Demolition and Replacement of Rosebery House
Posted on: August 25, 2021
Our objection to the demolition and replacement of Rosebery House in Haymarket with a bland, taller and wholly inappropriate new office block
Address: 9 Haymarket Terrace Edinburgh
Proposal: Demolition of existing and proposed new-build office development (class 4) with associated ancillary uses, public realm, landscaping and car parking.
Ref No: 21/03756/FUL
Closing date for comments: Fri 27 Aug 2021
Determination date: Fri 19 Nov 2021
The Cockburn OBJECTS to this application.
It is the Cockburn’s view that the current proposals are too tall, too bulky, bland and inappropriate for its largely residential context on the edge of the city centre.
The absence of any evidence in the application relating to the potential to refurbish rather than demolish an apparently functional office building is unacceptable, particularly in the context of Edinburgh’s high profile carbon neutrality targets. Evidence should be provided that the existing office block cannot be reconfigured to meet modern office working requirements and cannot be brought up to an acceptable energy performance standard so avoiding the significant carbon implications of demolition and rebuild.
Refurbishment must now be the starting point of any significant office redevelopment if Edinburgh’s commitment to tackling the climate emergency and achieving carbon neutrality by 2030 is to have any meaning. Successful refurbishment and reuse may have the potential to deliver some or all of the stimulus to the growth of the local, regional and national economy and opportunities for employment in Edinburgh which are claimed for this redevelopment.
The developer appears not to have sufficiently considered the scale and setting of their proposed building and appears to be attempting the maximise the amount of office accommodation that can be crammed onto limited and constrained development footprint.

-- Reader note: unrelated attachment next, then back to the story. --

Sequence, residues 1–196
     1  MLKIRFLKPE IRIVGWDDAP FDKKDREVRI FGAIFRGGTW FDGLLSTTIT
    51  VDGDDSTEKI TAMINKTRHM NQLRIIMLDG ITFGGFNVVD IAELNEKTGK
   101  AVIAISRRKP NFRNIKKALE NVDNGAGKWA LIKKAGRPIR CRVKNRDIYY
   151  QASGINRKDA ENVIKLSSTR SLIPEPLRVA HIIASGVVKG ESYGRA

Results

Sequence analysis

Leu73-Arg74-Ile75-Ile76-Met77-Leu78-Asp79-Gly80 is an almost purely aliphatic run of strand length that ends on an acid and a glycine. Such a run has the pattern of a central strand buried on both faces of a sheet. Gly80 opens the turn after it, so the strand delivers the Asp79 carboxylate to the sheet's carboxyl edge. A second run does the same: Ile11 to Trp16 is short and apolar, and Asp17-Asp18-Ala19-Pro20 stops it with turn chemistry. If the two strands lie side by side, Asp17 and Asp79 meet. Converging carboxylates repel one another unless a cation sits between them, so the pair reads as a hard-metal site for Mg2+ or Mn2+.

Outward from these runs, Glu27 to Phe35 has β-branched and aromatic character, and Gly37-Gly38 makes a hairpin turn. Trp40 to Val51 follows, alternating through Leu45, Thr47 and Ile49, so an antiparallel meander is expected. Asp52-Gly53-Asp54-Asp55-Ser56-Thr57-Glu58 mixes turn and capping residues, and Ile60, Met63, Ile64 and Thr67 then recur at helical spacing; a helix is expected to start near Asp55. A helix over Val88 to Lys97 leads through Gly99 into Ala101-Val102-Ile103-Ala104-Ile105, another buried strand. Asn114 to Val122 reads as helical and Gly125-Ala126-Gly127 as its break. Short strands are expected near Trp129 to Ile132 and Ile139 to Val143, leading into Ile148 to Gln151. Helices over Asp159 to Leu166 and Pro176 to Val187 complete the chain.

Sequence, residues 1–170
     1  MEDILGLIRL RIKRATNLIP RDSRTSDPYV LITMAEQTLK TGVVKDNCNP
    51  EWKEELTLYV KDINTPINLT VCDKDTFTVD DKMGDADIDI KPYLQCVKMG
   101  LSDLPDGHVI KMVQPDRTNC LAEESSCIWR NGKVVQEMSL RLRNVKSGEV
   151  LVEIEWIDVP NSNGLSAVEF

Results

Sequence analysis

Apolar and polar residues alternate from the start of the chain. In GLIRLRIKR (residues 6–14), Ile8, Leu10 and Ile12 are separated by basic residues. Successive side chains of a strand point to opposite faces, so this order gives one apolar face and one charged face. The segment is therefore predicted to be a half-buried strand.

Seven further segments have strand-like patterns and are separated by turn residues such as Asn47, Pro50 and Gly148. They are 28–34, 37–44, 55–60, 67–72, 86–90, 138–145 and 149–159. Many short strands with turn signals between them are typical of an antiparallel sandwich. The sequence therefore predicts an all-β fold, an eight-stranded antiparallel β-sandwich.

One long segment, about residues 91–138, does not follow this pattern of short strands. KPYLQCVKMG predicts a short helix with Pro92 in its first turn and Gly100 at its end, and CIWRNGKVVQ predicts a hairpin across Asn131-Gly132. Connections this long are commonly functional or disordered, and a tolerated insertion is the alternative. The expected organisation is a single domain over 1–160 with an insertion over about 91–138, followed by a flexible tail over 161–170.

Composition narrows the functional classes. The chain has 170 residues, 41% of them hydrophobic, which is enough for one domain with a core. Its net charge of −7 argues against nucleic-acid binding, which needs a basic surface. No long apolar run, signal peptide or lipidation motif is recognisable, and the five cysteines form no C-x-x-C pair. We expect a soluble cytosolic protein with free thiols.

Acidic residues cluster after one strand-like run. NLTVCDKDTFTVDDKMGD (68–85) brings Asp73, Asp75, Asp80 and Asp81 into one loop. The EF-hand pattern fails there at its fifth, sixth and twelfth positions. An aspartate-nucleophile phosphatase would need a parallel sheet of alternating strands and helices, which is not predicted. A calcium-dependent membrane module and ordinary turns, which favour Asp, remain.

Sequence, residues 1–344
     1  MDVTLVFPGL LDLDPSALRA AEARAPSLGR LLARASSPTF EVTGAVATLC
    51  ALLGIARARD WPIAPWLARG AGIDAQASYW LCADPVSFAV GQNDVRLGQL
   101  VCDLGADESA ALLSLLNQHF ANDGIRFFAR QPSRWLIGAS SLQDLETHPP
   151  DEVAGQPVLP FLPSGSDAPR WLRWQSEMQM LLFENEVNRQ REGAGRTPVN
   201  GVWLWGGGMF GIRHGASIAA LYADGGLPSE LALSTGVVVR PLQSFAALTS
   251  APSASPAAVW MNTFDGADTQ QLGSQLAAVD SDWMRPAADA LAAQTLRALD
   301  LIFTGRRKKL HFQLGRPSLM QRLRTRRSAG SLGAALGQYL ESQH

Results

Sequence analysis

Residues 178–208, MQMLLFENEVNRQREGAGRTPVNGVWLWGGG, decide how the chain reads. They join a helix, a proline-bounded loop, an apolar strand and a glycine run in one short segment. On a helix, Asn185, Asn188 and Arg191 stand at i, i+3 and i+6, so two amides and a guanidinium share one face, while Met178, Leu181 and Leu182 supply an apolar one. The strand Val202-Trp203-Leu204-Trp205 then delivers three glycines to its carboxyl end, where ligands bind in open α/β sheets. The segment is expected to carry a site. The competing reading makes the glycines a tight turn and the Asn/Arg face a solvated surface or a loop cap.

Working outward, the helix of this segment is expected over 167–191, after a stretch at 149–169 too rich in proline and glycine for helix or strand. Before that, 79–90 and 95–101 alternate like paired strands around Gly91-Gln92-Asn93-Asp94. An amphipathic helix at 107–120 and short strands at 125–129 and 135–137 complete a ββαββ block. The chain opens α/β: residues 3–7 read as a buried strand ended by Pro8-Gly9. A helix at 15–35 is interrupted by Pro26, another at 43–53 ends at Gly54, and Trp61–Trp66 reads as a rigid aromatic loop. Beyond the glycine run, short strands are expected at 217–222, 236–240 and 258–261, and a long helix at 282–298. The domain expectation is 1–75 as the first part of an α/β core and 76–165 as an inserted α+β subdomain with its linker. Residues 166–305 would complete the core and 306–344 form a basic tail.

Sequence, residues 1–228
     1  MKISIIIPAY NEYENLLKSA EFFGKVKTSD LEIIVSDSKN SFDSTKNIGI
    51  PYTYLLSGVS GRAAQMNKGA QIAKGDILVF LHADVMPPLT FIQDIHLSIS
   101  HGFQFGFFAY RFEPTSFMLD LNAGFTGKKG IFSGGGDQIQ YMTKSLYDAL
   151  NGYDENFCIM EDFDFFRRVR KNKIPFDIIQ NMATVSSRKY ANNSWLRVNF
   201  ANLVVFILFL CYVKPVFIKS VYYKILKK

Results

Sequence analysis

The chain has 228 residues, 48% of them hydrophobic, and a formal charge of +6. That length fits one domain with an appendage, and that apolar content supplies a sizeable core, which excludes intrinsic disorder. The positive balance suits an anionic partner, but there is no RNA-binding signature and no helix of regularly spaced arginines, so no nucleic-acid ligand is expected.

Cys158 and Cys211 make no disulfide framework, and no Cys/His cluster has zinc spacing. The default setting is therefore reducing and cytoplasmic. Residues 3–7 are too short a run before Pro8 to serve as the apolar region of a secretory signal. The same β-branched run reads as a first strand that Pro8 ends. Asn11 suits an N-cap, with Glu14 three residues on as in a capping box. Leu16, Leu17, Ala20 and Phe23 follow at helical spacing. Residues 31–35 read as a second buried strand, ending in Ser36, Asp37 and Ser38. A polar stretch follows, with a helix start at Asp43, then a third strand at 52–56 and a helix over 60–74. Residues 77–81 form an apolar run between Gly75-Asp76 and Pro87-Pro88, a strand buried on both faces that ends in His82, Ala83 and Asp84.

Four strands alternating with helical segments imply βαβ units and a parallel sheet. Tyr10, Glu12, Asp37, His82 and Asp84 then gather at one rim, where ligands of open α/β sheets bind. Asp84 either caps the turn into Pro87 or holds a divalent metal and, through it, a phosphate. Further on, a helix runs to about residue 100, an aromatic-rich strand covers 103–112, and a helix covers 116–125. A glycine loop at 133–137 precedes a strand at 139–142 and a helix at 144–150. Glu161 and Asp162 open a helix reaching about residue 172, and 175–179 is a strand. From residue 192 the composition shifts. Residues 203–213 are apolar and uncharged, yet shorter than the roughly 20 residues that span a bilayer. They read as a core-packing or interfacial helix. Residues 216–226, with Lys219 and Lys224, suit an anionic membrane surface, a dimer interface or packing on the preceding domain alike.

The developer’s assertion that the proposed building’s design will enhance the relationship of the site with the New Town Conservation Area and the Old and New Towns of Edinburgh World Heritage Site is, we believe, difficult to justify. We believe that, for example, the architectural language of the New Town or of the remaining industrial heritage of Haymarket is not, as asserted, significantly evident in the proposed design.
We are also concerned that the height and mass of the proposed building will create a ‘canyoning’ effect on adjacent approaches to Haymarket Station which will exacerbate existing noise, and particularly, air quality issues.
If the principle if demolition is accepted (and we believe that there is insufficient evidence to support this) then redevelopment in this location should be limited to around four stories with a sympathetic roof structure in keeping with the surrounding cityscape, rooflines and residential character of much of this area.
The proposed design does improve some aspects of the public realm, particularly in relation to the local trams stops. But on such a constrained site it has clearly proved impossible to provide significant accessible greenspace at street level. Moreover, it is our view that the design overall is too tall, too bulky, bland and inappropriate for its largely residential context. As such it will significantly detract from the local area’s public realm and create an incongruous point of arrival into the Haymarket area and city centre and will negatively impact on views to and from the city centre.